National leader Judith Collins believes Wednesday's economic and fiscal update will show "just how bad things are" for New Zealand's economy.
The Government is set to open its books on Wednesday in what is referred to as the Pre-election Economic and Fiscal Update (PREFU). It provides an in-depth look at the Crown's financial position, especially significant this year in light of the sky-high borrowing the Government has been forced into due to the COVID-19 pandemic.
Finance Minister Grant Robertson has previewed the update by saying that it will show that "our response to the 1-in-100 year shock caused by COVID-19 required significant ongoing investment to support business and protect jobs and incomes."
The PREFU will also provide updated economic forecasts, and while Robertson said it's difficult to make predictions in the current climate, "New Zealand will remain in one of the best economic and fiscal positions in the world coming out of COVID-19".
But the Leader of the Opposition believes there will be dire news on Wednesday, claiming the Government "panicked" with its COVID-19 response.
"They shut down just about everything, including the construction industry. I am now hearing of property developers or people doing the buildings, you know, the building people building houses, who are going broke. Why? Because they had months of not being able to get work done," Collins told The AM Show on Wednesday morning.
"It is [a] totally naive situation to expect people to just keep going with businesses, keep up the costs and just think that's going to solve it. I think today, when the Government is forced to open its books, we are going to see just how bad things are."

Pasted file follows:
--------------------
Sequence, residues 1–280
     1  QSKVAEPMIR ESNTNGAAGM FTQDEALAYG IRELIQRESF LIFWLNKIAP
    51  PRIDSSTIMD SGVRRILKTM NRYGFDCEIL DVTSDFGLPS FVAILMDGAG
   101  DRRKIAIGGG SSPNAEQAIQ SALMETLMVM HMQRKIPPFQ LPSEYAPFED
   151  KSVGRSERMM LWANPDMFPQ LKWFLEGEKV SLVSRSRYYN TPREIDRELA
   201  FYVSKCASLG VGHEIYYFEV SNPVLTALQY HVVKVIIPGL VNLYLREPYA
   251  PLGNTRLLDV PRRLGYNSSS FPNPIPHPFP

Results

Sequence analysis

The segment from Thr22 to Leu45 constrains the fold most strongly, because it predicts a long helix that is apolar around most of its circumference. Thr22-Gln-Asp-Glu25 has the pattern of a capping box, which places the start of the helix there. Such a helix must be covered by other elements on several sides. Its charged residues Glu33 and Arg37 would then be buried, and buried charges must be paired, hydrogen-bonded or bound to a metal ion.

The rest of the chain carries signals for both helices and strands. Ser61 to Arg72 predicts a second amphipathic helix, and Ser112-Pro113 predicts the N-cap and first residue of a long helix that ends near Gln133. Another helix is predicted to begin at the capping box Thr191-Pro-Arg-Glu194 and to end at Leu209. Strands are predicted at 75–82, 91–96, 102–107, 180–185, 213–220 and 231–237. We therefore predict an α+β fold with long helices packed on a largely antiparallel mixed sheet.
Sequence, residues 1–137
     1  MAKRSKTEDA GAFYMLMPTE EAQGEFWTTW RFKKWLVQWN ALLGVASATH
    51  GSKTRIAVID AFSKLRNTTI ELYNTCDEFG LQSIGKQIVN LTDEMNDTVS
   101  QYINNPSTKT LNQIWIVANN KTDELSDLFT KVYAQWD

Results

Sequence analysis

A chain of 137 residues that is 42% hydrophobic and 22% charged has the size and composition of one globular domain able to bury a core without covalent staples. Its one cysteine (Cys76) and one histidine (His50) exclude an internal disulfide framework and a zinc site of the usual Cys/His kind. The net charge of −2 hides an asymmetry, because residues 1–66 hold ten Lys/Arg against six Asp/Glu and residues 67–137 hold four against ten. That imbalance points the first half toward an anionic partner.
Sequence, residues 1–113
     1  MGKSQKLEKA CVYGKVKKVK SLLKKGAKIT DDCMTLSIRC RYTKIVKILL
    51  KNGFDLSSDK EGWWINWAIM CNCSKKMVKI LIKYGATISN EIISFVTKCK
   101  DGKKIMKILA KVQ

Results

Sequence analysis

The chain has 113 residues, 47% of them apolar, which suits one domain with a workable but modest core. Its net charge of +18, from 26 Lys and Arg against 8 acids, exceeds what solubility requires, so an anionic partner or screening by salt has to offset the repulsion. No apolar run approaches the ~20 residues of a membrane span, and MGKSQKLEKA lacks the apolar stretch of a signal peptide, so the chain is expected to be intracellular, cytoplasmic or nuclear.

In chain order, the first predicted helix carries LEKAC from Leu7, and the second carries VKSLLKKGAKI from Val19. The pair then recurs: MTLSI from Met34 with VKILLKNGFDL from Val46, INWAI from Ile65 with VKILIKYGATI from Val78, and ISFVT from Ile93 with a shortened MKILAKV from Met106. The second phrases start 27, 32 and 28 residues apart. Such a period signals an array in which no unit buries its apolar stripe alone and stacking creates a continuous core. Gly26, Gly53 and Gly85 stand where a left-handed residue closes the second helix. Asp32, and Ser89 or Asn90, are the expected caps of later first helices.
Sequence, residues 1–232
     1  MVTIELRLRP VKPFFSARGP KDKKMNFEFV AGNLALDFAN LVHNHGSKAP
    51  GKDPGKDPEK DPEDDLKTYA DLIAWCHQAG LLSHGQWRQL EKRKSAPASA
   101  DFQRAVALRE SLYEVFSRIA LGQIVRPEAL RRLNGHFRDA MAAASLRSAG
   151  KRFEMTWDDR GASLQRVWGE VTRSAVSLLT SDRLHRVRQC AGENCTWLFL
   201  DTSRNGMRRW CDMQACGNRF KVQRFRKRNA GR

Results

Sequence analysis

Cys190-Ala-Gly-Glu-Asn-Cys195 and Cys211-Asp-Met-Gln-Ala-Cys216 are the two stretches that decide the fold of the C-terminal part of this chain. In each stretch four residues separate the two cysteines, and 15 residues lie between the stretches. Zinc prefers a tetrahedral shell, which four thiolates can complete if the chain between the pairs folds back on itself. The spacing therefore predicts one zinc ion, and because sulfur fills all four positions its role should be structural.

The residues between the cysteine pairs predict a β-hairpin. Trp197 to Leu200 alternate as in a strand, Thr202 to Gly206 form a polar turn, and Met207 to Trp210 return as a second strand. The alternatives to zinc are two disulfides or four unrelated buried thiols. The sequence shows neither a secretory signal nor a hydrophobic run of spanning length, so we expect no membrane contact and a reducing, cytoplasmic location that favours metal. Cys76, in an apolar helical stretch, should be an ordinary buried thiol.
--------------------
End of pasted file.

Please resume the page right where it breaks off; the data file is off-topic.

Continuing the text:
To fight the spread of COVID-19, the Government imposed a raft of measures early this year, including closing the border and putting the country into lockdown for nearly two months, stopping non-essential businesses from trading.
Those moves have been praised internationally, with New Zealand having recorded just 1450 confirmed cases of COVID-19 - including those reported in its second wave - and having suffered 24 deaths.
The Government has repeatedly said the best economic response is a strong health response, arguing that it's better to have a short period of lockdown and stamp out the virus, rather than extended periods of minor restrictions with the virus remaining in the community.
To support businesses through the disruption, the Government implemented several schemes, like small business loans, three wage subsidies, and a more targeted tourism package. But that required billions of dollars of borrowing the Government hadn't previously expected.
After Auckland's August alert level 3 lockdown, Robertson said spending jumped back to levels seen under alert level 1.
"The data shows the economic benefits of sticking to our clear elimination plan and investments in extra contact tracing and health resources. It follows from the strong bounce we saw after the initial moves after levels 4 and 3," he said.
Collins isn't ruling out imposing lockdowns if she becomes Prime Minister but says they would be more targeted in terms of the areas of the country covered.